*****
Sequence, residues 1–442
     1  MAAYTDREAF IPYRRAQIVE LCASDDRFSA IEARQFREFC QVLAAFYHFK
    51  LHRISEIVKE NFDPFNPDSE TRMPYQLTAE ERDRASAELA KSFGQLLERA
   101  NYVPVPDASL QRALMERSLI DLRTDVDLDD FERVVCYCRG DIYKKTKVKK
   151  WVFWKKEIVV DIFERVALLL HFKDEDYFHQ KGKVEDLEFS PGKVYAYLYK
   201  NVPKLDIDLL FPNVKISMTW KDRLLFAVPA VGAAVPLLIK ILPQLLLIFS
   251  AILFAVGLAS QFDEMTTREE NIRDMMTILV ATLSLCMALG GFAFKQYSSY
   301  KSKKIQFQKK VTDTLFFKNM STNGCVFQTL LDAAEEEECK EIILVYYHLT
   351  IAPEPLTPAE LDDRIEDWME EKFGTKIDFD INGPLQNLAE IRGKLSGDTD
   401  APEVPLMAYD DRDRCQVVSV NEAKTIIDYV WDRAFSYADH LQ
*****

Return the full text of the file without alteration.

Sequence, residues 1–442
     1  MAAYTDREAF IPYRRAQIVE LCASDDRFSA IEARQFREFC QVLAAFYHFK
    51  LHRISEIVKE NFDPFNPDSE TRMPYQLTAE ERDRASAELA KSFGQLLERA
   101  NYVPVPDASL QRALMERSLI DLRTDVDLDD FERVVCYCRG DIYKKTKVKK
   151  WVFWKKEIVV DIFERVALLL HFKDEDYFHQ KGKVEDLEFS PGKVYAYLYK
   201  NVPKLDIDLL FPNVKISMTW KDRLLFAVPA VGAAVPLLIK ILPQLLLIFS
   251  AILFAVGLAS QFDEMTTREE NIRDMMTILV ATLSLCMALG GFAFKQYSSY
   301  KSKKIQFQKK VTDTLFFKNM STNGCVFQTL LDAAEEEECK EIILVYYHLT
   351  IAPEPLTPAE LDDRIEDWME EKFGTKIDFD INGPLQNLAE IRGKLSGDTD
   401  APEVPLMAYD DRDRCQVVSV NEAKTIIDYV WDRAFSYADH LQ